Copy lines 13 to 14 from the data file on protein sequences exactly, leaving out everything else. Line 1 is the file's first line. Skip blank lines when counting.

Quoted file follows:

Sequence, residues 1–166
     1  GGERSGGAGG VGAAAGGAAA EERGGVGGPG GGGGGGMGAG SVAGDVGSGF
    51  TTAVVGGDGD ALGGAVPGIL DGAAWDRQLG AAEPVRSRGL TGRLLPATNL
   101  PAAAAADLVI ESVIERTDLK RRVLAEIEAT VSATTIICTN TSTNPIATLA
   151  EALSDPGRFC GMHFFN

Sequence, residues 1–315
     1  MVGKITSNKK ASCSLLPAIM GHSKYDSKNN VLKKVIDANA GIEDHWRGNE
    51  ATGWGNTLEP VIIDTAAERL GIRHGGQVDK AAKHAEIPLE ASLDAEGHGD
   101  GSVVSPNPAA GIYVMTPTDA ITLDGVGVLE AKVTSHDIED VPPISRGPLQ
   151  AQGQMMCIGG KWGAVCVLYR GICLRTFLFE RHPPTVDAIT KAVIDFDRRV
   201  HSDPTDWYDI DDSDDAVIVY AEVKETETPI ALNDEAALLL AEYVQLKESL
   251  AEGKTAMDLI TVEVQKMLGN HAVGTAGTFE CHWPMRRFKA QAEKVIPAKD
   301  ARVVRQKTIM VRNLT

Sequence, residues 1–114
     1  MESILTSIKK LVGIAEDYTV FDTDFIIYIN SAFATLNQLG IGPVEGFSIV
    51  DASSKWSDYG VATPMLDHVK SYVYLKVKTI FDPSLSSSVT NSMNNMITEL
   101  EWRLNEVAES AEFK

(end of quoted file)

   301  ARVVRQKTIM VRNLT

Sequence, residues 1–114